Legislators support bill to enshrine the right to abortion in the French Constitution

PARIS — French lawmakers on Thursday backed a proposal to enshrine the right to abortion in the country’s Constitution, in a move designed as a direct response to the U.S. Supreme Court’s decision to overturn Roe v. Wade this summer.

But the bill, passed by the National Assembly, the lower and most powerful house of the French parliament, will have to go through a complex legislative process and face possible opposition in the Senate, before the Constitution can be amended, leaving enough time and opportunity for legislators or voters to ultimately reject it.

Yet Thursday’s vote was a symbolic step at a time when abortion rights are increasingly contested among France’s European neighbors. In Italy, the family minister of a new far-right government has spoken out against abortion, in Spain many doctors deny the procedures, and last year Poland implemented a ban. almost total abortion.

“No one can predict the future,” Mathilde Panot, leader of the far-left France Insoumise party, which backed the bill, told the National Assembly, adding that the proposal was intended to “ward off the fear that seizes when women’s rights are attacked elsewhere.

The effort to make abortion a constitutional right was prompted by the rollback of abortion rights in the United States in June, which sent shockwaves through European countries and was seen as a red flag. by many in France.

“History is full of examples of fundamental freedoms taken for granted and yet destroyed with the stroke of a pen by events, crises or ground waves,” said Justice Minister Éric Dupond-Moretti on Thursday. “And this is even truer when it comes to women’s rights.”

Abortion in France was decriminalized in 1975, two years after Roe v. Wade, under a landmark law championed by Simone Veil. Although no political party is questioning this legalization today, debates raged Thursday on the advisability of modifying the Constitution.

Some lawmakers argued that such a move was unnecessary because the right to abortion was not under threat in France, while others complained that the bill’s broad wording could allow for a new extension of the legal limits for terminating a pregnancy, which currently stands at 14 weeks.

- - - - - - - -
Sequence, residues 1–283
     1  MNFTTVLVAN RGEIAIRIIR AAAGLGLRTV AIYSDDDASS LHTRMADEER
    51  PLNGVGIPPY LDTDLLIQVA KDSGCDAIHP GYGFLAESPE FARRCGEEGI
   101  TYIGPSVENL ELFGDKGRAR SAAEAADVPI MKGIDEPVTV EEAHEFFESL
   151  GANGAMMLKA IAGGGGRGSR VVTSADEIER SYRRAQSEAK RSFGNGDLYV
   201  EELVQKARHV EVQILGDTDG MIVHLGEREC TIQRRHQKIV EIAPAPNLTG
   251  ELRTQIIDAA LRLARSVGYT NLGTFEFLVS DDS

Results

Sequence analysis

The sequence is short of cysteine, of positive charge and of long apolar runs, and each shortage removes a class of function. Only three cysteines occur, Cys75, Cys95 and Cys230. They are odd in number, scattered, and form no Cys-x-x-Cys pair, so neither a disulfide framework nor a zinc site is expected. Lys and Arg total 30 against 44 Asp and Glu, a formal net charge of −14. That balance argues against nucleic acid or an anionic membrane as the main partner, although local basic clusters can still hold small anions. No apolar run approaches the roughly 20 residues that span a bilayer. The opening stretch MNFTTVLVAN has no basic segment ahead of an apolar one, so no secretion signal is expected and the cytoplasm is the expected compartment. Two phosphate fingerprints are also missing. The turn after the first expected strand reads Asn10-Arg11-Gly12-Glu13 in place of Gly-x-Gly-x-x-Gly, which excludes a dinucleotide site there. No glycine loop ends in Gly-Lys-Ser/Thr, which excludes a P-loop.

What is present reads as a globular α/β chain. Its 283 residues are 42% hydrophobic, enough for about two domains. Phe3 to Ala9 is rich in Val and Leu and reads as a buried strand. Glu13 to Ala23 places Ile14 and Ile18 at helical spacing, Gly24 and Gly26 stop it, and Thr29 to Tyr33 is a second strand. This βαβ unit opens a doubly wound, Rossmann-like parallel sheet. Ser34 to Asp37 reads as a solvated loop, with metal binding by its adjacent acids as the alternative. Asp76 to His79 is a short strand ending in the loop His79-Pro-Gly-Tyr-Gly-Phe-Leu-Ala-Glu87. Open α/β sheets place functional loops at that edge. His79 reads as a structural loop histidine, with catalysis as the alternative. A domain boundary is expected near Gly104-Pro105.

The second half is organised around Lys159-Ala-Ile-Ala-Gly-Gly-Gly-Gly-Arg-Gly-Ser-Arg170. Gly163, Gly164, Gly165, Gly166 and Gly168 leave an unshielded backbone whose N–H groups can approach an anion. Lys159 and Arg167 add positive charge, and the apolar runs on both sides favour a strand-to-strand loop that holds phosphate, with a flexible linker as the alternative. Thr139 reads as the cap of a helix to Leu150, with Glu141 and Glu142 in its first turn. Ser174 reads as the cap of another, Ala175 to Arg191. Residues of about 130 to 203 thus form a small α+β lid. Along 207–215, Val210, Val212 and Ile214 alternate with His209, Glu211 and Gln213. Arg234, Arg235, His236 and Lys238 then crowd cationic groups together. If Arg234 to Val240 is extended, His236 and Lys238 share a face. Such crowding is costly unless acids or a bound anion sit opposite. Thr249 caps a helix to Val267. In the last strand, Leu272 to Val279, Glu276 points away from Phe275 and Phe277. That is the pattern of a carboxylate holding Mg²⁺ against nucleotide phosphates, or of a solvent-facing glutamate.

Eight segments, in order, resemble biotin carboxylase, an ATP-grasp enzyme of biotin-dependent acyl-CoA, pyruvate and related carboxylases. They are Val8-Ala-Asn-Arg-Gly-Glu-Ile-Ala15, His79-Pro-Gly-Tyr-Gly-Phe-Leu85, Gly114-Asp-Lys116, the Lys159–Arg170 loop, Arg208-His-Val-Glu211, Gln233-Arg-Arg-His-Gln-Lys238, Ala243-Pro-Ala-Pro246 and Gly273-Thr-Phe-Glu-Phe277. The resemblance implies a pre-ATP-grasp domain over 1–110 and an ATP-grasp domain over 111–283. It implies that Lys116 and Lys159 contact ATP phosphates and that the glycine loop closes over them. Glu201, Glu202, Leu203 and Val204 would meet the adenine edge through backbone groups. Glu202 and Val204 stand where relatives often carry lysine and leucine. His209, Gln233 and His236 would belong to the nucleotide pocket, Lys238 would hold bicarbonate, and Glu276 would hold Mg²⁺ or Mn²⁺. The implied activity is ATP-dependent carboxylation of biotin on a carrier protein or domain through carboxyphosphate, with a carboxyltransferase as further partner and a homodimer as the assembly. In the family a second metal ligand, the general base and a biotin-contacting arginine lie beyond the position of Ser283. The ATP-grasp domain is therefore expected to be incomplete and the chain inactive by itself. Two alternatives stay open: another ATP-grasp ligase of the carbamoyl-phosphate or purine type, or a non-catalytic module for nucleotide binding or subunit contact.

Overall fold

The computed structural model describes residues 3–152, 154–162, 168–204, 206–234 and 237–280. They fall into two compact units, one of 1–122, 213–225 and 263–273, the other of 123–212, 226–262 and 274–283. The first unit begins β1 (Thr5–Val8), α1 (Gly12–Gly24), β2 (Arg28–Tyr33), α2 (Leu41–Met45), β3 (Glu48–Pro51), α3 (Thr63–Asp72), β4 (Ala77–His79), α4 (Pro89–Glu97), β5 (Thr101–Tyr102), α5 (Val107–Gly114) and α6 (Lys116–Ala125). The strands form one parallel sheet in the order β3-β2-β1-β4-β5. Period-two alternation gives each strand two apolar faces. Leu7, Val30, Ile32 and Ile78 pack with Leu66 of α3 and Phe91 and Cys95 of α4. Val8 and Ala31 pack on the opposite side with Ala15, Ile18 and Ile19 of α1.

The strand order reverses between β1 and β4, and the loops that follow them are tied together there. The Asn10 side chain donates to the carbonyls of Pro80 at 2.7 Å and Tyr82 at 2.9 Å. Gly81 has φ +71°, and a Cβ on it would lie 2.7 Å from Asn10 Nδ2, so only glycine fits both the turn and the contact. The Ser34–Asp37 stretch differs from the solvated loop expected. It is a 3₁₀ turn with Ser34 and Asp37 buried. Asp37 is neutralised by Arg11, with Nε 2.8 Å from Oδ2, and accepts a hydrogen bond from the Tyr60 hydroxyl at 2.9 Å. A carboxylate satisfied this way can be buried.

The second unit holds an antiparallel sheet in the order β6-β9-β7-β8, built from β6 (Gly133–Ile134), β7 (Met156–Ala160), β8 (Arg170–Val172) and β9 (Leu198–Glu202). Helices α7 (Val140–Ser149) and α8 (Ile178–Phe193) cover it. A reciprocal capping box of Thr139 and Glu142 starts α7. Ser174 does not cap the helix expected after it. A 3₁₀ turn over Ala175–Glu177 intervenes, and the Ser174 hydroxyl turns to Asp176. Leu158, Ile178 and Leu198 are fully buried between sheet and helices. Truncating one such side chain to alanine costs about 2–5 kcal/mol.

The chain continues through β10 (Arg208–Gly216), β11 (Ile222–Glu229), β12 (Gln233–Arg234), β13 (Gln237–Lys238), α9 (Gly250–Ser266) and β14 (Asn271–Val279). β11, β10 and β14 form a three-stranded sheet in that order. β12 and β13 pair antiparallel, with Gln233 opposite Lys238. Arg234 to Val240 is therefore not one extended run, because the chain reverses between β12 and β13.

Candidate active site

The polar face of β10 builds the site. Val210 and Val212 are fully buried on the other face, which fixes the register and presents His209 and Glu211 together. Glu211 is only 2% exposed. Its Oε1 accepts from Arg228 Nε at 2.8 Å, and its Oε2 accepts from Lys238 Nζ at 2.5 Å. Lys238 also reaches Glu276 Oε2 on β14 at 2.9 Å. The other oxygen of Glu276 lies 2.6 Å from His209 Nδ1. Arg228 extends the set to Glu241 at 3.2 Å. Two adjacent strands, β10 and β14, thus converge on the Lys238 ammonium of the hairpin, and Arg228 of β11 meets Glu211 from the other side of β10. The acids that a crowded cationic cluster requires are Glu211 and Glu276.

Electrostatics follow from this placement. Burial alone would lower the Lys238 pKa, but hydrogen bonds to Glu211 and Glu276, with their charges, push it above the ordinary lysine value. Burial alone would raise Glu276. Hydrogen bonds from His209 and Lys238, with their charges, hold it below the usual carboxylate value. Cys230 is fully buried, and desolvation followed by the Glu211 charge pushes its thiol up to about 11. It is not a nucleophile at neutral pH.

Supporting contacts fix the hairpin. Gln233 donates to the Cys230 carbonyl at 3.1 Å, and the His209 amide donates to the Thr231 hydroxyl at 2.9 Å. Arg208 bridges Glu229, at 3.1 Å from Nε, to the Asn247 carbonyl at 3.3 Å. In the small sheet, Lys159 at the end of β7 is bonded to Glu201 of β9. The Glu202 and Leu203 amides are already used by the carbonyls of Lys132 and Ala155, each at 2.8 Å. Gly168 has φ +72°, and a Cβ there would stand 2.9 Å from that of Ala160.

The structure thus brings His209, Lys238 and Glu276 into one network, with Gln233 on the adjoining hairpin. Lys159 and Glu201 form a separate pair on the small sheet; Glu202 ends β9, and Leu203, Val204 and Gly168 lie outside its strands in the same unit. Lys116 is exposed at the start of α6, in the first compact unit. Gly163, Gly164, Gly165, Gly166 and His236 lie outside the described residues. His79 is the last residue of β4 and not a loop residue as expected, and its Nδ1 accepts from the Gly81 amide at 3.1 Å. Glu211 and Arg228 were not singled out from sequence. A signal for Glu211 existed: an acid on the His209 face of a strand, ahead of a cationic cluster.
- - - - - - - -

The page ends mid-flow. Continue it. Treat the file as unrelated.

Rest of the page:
Fabien Di Filippo, a centre-right MP who abstained from voting, denounced those who “want to open the door to a possibly unlimited right in time”.

Hundreds of amendments were proposed to change the bill, many on unrelated issues like immigration and the environment, in what sometimes looked like a filibuster.

“I’m not sure that this type of debate this morning does us honor,” an exasperated centrist deputy, Bertrand Pancher, told his colleagues, deploring the absence of a substantive debate.

There were also moments in the discussion when lawmakers were visibly moved by emotion.

Aurore Bergé, leader of President Emmanuel Macron’s Renaissance party in the National Assembly, told her colleagues about her mother’s dangerous and painful abortion, which took place while it was still criminalized.

Ms Bergé called on lawmakers to pass the bill “on behalf of all women, on behalf of all our mothers who fought, on behalf of all our daughters who no longer have to fight, I hope” .

The initial draft included a proposal to also constitutionalize the right to contraception. But left-leaning lawmakers have reached an agreement with Renaissance, which has a relative majority in parliament, to drop the proposal and focus solely on abortion rights, hoping to win future approval. of the bill by the Senate.

After the day of debate, the bill was approved by an overwhelming majority of 337 votes to 32, with 18 abstentions. It was a rare example of bipartisanship in an otherwise factionalized Parliament.

More than 80% of French people support protecting the right to abortion in the Constitution, according to a poll published this summer by IFOP, one of France’s most respected polling companies. A recent petition supporting the bill has been signed by over 160,000 people.

But it may be months before the right to abortion is enshrined in the Constitution, if the bill goes that far.

The bill now goes to the right-wing Senate, which could reject it, as it did last month when a group of senators put forward a similar proposal. And even if the bill passes the Senate, it will then have to be approved in a national referendum, in accordance with the procedures for amending the Constitution – a cumbersome process that could have unpredictable political results.

This year, the French parliament extended the legal deadlines for terminating a pregnancy from 12 to 14 weeks amid heated political debate and despite Mr Macron’s reluctance on the issue. But France’s new deadline remains lower than that of some European countries such as the Netherlands and Great Britain, where it is set at 24 weeks.

nytimes Eur

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